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I'm currently studying the properties of logarithm in an open source pre-calculus textbook that can be found here (Page 438). Before the text goes on to the Algebraic properties of exponential and logarithmic functions it defines the "one-to-one" properties of exponential function and logarithmic functions (Theorem 6.4). As you can see:

As you can see

And on the next page it describes the algebraic properties of logarithms...

Algebraic properties of logarithms

Is there any particular reason for stating the one-to-one property of logarithmic and exponential function beforehand? I know the logarithmic function is the inverse of an exponential function, and as such it can only exists for a one-to-one function, but is there any other reason why this was mentioned? I have the feeling that this distinction is extremely important with regards to the algebraic properties of logarithms that come after (i.e. product rule, quotient rule, power rule) but I cannot see why.

I'm sorry if this was long winded, and thank you for taking the time to read this. For who ever is so kind as to answer could you bear in mind that I'm studying at a pre-calculus level. Thanks.

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    $\begingroup$ They don't 'define' the property of being one-to-one. They prove that those functions have it. Being one-to-one is what allows you to solve equations: If we have $2^x=8$, then we can transform it into $2^x=2^3$, from where, because $2^x$ is one-to-one, we get exactly one solution $x=3$. $\endgroup$ – OR. Nov 4 '13 at 19:50
  • $\begingroup$ @ABC That cleared a few things up. I've done what you said in your example many times but I never stopped to think why it was so, so thank you! $\endgroup$ – seeker Nov 4 '13 at 21:47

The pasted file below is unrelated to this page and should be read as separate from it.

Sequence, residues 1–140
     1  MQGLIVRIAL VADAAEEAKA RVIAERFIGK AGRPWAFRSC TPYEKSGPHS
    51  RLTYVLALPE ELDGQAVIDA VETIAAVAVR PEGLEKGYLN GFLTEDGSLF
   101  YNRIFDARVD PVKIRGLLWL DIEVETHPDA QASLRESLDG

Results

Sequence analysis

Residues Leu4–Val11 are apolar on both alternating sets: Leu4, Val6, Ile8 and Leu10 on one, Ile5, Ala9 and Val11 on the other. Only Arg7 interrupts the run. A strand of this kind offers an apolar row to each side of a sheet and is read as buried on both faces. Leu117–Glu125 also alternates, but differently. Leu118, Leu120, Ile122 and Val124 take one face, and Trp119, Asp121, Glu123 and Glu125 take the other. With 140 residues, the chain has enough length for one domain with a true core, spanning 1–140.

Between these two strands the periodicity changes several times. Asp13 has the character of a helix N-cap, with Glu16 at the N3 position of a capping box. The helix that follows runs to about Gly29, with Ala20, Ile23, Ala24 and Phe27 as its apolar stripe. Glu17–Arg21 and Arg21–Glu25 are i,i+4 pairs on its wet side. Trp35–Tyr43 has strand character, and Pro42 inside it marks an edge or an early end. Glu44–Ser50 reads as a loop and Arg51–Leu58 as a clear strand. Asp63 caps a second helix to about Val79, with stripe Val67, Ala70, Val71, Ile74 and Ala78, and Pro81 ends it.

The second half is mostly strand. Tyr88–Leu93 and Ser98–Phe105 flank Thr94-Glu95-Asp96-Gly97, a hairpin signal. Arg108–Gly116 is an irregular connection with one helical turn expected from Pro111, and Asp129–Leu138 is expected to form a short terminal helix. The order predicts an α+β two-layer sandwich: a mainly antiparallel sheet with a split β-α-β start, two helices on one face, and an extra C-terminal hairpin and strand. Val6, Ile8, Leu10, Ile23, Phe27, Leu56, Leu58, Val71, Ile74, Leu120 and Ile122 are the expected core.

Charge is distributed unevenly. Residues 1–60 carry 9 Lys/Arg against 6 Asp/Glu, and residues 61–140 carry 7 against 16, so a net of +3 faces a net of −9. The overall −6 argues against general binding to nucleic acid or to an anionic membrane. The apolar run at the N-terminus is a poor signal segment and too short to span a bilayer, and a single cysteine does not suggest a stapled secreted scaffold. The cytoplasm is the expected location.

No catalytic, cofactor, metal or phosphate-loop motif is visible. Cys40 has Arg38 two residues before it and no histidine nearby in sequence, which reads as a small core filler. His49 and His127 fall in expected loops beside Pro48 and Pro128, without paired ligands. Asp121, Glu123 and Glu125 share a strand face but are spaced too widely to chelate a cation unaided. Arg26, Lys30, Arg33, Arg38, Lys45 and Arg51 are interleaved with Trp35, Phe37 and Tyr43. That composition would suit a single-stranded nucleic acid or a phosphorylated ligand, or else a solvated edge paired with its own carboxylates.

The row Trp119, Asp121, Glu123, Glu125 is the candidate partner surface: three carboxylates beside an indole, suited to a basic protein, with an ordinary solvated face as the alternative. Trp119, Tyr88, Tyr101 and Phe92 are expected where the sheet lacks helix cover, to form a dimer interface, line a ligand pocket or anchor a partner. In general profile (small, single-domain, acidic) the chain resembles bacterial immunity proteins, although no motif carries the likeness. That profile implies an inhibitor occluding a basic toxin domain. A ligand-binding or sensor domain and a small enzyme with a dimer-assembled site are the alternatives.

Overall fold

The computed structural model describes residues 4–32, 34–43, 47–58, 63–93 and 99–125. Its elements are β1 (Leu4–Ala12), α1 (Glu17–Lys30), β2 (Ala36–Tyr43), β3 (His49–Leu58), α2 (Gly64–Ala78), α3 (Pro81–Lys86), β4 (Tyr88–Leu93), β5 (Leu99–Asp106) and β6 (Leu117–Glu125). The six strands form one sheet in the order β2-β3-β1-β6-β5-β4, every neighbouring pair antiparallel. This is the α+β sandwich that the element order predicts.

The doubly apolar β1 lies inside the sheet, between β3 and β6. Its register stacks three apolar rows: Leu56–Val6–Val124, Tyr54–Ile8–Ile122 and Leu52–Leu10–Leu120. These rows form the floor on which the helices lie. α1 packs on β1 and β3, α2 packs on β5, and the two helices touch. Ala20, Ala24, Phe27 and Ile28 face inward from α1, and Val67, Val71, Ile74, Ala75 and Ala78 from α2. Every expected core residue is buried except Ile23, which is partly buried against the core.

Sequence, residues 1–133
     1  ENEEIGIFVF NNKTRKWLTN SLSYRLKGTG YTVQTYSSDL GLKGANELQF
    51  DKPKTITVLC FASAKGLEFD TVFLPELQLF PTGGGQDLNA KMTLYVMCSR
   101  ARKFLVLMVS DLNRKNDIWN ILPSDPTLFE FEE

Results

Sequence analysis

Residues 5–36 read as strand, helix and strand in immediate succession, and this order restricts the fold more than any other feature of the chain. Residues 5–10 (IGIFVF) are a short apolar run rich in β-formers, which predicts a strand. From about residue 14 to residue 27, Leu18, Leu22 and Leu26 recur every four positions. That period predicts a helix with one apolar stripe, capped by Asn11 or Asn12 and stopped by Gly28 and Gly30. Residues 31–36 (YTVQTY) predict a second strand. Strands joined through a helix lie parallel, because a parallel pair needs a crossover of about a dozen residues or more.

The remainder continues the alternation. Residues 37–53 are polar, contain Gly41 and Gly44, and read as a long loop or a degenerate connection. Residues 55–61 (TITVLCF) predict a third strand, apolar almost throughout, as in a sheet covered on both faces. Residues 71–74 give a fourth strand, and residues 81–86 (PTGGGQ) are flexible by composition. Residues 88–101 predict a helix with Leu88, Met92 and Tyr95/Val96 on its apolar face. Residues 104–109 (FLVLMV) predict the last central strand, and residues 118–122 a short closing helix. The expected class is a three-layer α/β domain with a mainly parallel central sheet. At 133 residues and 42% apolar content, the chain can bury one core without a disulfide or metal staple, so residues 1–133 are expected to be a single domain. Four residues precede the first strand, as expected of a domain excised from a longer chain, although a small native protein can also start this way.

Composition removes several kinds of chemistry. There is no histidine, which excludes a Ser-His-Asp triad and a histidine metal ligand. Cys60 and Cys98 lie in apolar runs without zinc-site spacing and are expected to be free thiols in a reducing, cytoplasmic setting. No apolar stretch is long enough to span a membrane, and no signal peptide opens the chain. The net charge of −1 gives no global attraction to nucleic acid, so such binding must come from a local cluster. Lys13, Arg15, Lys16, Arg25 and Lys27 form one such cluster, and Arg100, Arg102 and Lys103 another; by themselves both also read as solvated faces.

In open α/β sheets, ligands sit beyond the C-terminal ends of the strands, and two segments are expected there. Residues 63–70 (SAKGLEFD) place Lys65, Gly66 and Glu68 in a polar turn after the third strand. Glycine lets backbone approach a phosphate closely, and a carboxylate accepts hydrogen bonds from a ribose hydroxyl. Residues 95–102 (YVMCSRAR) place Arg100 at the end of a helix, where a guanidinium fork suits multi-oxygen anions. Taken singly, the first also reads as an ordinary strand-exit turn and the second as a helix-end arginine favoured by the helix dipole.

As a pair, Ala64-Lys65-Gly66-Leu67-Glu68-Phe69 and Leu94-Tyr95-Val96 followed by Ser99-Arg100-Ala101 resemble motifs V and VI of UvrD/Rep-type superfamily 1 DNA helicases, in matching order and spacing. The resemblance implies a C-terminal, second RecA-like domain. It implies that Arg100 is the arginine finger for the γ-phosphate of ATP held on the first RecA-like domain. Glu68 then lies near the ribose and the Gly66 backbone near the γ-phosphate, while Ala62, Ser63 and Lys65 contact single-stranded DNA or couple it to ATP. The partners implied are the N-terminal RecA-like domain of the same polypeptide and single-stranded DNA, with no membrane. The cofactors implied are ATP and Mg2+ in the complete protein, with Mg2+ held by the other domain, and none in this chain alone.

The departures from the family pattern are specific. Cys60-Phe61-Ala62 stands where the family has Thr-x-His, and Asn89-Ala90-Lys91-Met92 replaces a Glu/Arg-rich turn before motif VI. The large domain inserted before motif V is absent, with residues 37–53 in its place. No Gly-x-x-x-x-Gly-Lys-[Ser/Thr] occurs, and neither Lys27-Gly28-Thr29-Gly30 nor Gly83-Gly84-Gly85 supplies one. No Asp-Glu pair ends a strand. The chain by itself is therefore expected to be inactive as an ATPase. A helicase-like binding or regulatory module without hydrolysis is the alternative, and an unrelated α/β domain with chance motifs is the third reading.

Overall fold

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No, there's no connection between the injectivity (what you call "one-to-one") property and the various algebraic properties. The theorems just happen to be stated one after another in this particular book.

Knowing that the exponential and logarithmic functions are injective is just a useful fact to know. Really, knowing that any function $f$ is injective is useful if you plan on using $f$ a lot, because it allows you to cancel $f$, in other words, if in your calculations you should end up with:

$$f(x)=f(y)$$

You can immediately conclude that:

$$x=y$$

Which is only true if $f$ is injective, of course. For instance, $x^2$ is not injective, which is why $x^2=y^2$ does not imply $x=y$.

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It sounds like your book wanted to make Theorem 6.3 a definition rather than a theorem. In other words, they define $\log_b(c)$ to be the power you need to take $b$ to, to get $c$. As written, they say that $b^a=c$ if and only if $a=\log_b(c)$. This abstractly defines the logarithm, and theorem 6.4 confirms that this is a well defined function: that it is one-to-one. Afterall, if for some reason you could find $x,y$ with $x\neq y$ such that $b^x=b^y$ for some $b\neq 0$, then you'd be in trouble because the logarithm would not be one-to-one. Thus theorem 6.4 takes care of this. What's important here is that $f(x):=b^x$ is strictly monotonically increasing for $b>0$ which implies that it is one to one and has an inverse $f^{-1}$ which is also one-to-one.

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